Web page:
In the early 1970s, Owens was working in Cartersville but spent time with EMS personnel near his mother’s house.
“The ambulance service was metro at the time, per se, and they rented the house next door to my mom’s house,” he said. “… That was in ’70, ’71 the county took over and stayed in the house. There were six guys who ran the ambulance service, that’s all there was — six of them.
“… I’d go over there; we’d play cards, shoot pool, goof off with them all the time when I got off from work and all.”
When an opening became available, Owens — known affectionately as “Big O” — declined the offers to take the position.
“I was working at a carpet mill down here and I wanted off on Saturday, and he said, ‘You ain’t gonna be off on Saturday.’ I said, ‘Yes, I am.’ So I quit ’cause I wanted to go play in a softball tournament,” Owens said. “So I went over there [to EMS] and said, ‘Y’all still want me to come to work?’ ‘Yeah, come on.’ The rest is history.”
Named director of EMS in 2009, Owens said the camaraderie of the department and public safety has been a highlight of his career.
“Now, we’re just all one big, happy family — us, fire, police — one big family. We all love one another and do things for one another. We all know their families,” he said. “Plus, you know, I really enjoyed helping people that really, really needed it.”
An avid fisherman and coach and umpire for youth softball and baseball, Owens’ wife, Brenda, said his caring personality and sense of humor were what drew her to him more than 30 years ago.
“He is just the biggest, gruffest teddy bear in the world. Everybody thinks that he’s just the scariest thing around and he is not. Ask our granddaughters. He’ll get onto them, and they’ll look at him and say, ‘You know we’re not afraid of you,’” she said. “And if you ever saw him at the ball park at Hamilton Crossing where he coaches and stuff, you would see that. These little girls think he is their own personal jungle gym. They climb him; he can’t sit down without one of them coming and sitting in his lap. …”
Calling life with Owens the “the largest slice of heaven this side of heaven,” Brenda Owens said the future will be an adjustment.
“Larry and I got married — I worked in the emergency room, was where we met — [EMS has] just always been our family. This is going to be a huge adjustment,” she said. “He’s always worked two jobs, at least when our kids were small. Starting out at EMS, he didn’t make a whole lot, so he’s always worked two jobs. So this is actually the first time in his life he’s going to have Larry time, so I really don’t know he knows what that means yet.”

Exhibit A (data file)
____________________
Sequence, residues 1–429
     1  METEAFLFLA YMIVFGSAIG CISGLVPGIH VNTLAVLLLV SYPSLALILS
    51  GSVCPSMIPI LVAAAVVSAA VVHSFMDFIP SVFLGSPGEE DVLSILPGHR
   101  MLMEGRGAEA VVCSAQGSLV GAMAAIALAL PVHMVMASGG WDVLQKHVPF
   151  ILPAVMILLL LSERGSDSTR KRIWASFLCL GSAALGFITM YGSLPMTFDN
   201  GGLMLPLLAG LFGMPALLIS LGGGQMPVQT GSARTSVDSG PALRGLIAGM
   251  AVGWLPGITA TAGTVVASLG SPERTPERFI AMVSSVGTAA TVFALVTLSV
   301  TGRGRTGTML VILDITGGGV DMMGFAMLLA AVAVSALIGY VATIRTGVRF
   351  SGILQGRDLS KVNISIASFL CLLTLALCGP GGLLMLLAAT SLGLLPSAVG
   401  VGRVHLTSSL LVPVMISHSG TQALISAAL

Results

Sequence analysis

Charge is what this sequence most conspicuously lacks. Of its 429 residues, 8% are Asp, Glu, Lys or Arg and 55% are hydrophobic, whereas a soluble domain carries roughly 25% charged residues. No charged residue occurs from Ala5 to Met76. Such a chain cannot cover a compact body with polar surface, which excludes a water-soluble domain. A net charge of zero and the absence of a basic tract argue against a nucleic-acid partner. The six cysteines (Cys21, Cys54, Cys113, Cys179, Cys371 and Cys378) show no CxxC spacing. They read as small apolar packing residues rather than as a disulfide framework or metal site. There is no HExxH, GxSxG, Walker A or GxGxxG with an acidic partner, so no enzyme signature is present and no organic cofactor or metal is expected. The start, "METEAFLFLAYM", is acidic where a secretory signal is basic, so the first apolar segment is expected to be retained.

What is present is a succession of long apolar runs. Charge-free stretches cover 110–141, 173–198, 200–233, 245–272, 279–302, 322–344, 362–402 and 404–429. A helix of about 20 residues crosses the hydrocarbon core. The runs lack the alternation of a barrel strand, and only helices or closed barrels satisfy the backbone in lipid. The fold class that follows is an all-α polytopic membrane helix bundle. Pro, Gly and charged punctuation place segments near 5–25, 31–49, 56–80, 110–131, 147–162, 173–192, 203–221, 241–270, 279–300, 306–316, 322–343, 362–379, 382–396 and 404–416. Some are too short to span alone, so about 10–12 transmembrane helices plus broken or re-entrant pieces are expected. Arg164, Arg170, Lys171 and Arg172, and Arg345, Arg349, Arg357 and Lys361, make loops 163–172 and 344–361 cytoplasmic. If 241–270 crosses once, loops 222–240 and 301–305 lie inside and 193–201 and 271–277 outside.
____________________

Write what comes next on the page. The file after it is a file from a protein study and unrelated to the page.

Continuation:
Looking back on time with EMS, Owens recalled the one moment that stands out — his first “save.”
“I’ve enjoyed all 40 years. I really have. There’s not one outstanding moment. Well, I guess my first quote-unquote save,” he said. “Me and Ronnie Lowery were together when the county went to advanced life support, in other words paramedics and stuff.
“Our first cardiac arrest we got this guy back. He was dead. His son was doing CPR on him; me and Ronnie got him back. He lived for like six, seven, eight years after we got him back. That was one of the proudest moments, I guess, in EMS.”
In the past 40 years, EMS has moved from a basic emergency response service to an almost $4 million department with roughly 75 full- and part-time employees at five stations. That change is one Owens takes pride in.
“I’ve watched EMS grow from when I started I didn’t even have a CPR card, a first aid card or nothing. And now, to become a paramedic, you’ve got to go to school about three years to become a paramedic,” he said. “I’ve seen EMS evolve from nothing to what it is today. I’m very proud of that. … It’s a very, very nice profession to in now.”
For former EMS director Don Starnes, the evolution will be one Owens helped usher in for the county.
“He was involved with me when I was director in changing this service over into a totally advanced life support service. Larry was always right there with me. We worked hand-in-hand,” he said. “… He became an instructor, helped us teach. I became an instructor. … We just kept that going so we could keep this service moving forward.”
Working with “the greatest guy in the world” also had an upside, Starnes said.
“He was easy to work with. Me and him worked really good together. We didn’t always agree, but we always discussed it and come up with a solution that was good for both of us,” he said. “… When Larry and I were on a truck together, I was always glad to have Larry because, No. 1, if anybody ever wanted to fight, they wanted to fight him. They figured if they could whoop him, I’d be a piece of cake. So I lucked out on that deal. He was bigger than me. They always wanted to pick on him.”
During the course of his career, Owens also became a mandated police officer and served with the Northwest Georgia Region 1 Emergency Medical Services Council.
He was recognized during his retirement celebration Friday by the council with a proclamation and plaque. Bartow County EMS also honored Owens with a plaque.
True to what new Director Kevin Garren called Owens’ theory of “don’t use a lot of words when a few will do,” Owens kept his farewell address short.
“Thank everybody for coming. … I cherish everybody’s friendship. … I won’t ever forget you.”